words // Brandon Richard

This past Monday, 7-time All-Star Tracy McGrady officially announced his retirement from the NBA, ending a 16-season career in which he played for seven teams.

McGrady was selected with the 9th overall pick in the 1997 NBA Draft by the Toronto Raptors. After showing promise in three seasons with the Raptors, McGrady emerged as one of the league’s true superstars when he signed a multi-year free agent deal with the Orlando Magic in 2000. He averaged 28 points per game in four seasons with the Magic, winning scoring titles in 2003 and 2004. However, with teammate Grant Hill sidelined by a nagging ankle injury, Orlando never became the force in the Eastern Conference that they were expected to be and McGrady looked to resume his career in a winning situation.

In June of 2004, McGrady was sent to the Houston Rockets in exchanged for a package that included Steve Francis. Teaming up with All-Star center Yao Ming in Houston, McGrady displayed a balanced all-around game, seeing a decrease in scoring, but becoming more comfortable with his role as a facilitator.

Arguably the most memorable moment of McGrady’s career came in a game against the San Antonio Spurs in December 2004. The Rockets were down 10 points with 49 seconds left and a comeback seemed all but impossible. However, 13 points by McGrady in 35 seconds defied all logic as the Rockets picked up an important win against a Western Conference rival.

Unfortunately, that moment was the highlight of McGrady’s career because the Rockets weren’t able to make much noise in the postseason and recurring injuries claimed what was left of his prime years. After being sent to the New York Knicks in a 2010 trade, McGrady would float around the league with the Detroit Pistons and Atlanta Hawks before a stop in China and ultimately concluding his NBA career with the San Antonio Spurs last postseason.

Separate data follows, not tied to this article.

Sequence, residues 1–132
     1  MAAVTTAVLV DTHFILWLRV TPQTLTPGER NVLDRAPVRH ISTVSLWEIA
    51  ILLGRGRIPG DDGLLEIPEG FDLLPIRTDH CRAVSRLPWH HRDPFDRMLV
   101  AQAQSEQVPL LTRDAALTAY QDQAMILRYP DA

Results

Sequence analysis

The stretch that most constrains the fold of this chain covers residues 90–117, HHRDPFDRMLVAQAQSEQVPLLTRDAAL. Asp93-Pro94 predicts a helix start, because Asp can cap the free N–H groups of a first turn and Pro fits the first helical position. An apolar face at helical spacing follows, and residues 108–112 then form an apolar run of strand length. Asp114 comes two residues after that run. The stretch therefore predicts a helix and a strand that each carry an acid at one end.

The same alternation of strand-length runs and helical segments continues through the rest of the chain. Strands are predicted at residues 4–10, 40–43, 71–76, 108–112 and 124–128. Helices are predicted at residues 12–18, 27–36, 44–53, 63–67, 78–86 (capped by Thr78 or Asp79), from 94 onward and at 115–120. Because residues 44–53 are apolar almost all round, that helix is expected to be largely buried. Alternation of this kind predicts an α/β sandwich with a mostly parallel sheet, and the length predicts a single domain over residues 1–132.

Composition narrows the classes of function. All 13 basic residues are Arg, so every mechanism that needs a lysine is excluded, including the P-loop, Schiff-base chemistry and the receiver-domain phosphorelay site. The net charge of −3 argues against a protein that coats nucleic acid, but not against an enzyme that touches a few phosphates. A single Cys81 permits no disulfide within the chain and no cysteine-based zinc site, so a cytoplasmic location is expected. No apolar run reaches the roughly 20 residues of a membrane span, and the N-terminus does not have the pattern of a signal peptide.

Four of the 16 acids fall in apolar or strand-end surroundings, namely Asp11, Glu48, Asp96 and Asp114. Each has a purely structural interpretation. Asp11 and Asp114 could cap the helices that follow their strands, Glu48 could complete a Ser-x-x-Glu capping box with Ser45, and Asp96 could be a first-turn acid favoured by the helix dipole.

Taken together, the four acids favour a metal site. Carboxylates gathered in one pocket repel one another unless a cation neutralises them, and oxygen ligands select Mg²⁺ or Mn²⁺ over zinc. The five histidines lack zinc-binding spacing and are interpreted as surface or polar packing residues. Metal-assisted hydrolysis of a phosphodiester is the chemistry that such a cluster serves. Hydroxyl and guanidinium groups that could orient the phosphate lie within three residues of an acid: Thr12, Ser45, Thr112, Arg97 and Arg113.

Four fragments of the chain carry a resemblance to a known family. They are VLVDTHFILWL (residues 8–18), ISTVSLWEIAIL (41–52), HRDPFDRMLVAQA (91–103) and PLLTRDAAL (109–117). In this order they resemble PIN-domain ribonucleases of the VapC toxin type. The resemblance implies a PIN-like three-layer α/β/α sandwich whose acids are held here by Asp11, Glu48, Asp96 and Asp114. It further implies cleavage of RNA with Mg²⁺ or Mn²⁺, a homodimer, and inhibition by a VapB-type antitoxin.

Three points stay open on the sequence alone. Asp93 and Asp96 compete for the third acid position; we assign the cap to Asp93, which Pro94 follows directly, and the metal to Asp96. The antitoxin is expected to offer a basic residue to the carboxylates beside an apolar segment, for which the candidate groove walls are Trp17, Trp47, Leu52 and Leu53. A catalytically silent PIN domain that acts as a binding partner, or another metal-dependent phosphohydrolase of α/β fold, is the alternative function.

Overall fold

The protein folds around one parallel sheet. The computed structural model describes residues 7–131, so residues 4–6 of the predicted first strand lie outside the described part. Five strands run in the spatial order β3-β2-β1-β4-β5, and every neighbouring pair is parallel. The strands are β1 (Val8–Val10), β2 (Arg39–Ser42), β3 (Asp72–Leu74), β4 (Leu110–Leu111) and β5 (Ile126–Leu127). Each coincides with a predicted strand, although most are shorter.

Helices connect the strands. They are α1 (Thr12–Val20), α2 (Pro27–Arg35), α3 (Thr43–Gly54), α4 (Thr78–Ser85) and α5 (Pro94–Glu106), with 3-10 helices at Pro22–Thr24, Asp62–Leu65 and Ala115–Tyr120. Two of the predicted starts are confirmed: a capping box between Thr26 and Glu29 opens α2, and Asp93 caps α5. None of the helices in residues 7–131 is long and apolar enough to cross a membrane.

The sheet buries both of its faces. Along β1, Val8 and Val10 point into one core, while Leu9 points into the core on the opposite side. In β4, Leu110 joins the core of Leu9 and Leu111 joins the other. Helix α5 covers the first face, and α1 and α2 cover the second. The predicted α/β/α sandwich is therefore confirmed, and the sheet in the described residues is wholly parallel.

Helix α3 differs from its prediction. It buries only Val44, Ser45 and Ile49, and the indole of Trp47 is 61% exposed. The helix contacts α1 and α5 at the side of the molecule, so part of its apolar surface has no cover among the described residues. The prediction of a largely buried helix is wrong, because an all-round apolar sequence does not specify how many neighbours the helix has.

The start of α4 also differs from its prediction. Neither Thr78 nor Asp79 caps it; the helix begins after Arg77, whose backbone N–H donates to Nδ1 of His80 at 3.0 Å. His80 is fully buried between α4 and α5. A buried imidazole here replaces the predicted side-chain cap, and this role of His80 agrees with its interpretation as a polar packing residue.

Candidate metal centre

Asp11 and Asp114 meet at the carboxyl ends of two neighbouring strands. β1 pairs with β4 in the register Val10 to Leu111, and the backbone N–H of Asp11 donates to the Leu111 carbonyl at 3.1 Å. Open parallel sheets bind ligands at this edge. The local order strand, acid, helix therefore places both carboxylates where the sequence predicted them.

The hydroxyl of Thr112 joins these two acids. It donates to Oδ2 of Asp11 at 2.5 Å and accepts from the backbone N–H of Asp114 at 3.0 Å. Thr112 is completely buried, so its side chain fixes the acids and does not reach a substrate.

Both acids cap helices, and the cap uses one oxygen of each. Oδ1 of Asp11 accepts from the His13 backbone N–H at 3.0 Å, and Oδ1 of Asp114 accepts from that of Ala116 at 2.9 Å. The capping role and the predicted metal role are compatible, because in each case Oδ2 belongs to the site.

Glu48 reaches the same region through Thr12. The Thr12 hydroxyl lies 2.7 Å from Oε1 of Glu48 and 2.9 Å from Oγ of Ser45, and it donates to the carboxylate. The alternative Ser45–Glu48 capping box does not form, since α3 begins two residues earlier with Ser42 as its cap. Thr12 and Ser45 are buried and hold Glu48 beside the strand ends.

There was a time when Kobe Bryant vs. Tracy McGrady was a real debate. He was that good. In an October 2012 Complex.com article titled “The 25 Greatest Sports Careers Ruined by Injury,” a writer stated, “As a defender, you couldn’t do anything with him because he could beat you in so many ways: killer crossover, quick first step, can over power you, attacked the basket relentlessly, one of the best jumpers in the league, and couldĀ jump out the gym.” 100% accurate regarding TMAC in his prime.

With TMAC calling an end to a memorable and possibly Hall of Fame career, today’s Eastbay Memory Lane takes us back to April 2002, when McGrady covered Eastbay catalog wearing the “All-Star” adidas TMAC. McGrady debuted the silver-based shoe in the 2002 All-Star Game and the colorway made a surprising return to retail last summer.

What are some of your favorite TMAC moments? Share your memories with us below and shop the adidas TMAC 1 in various colorways here today.

Eastbay Memory Lane // Tracy McGrady, April 2002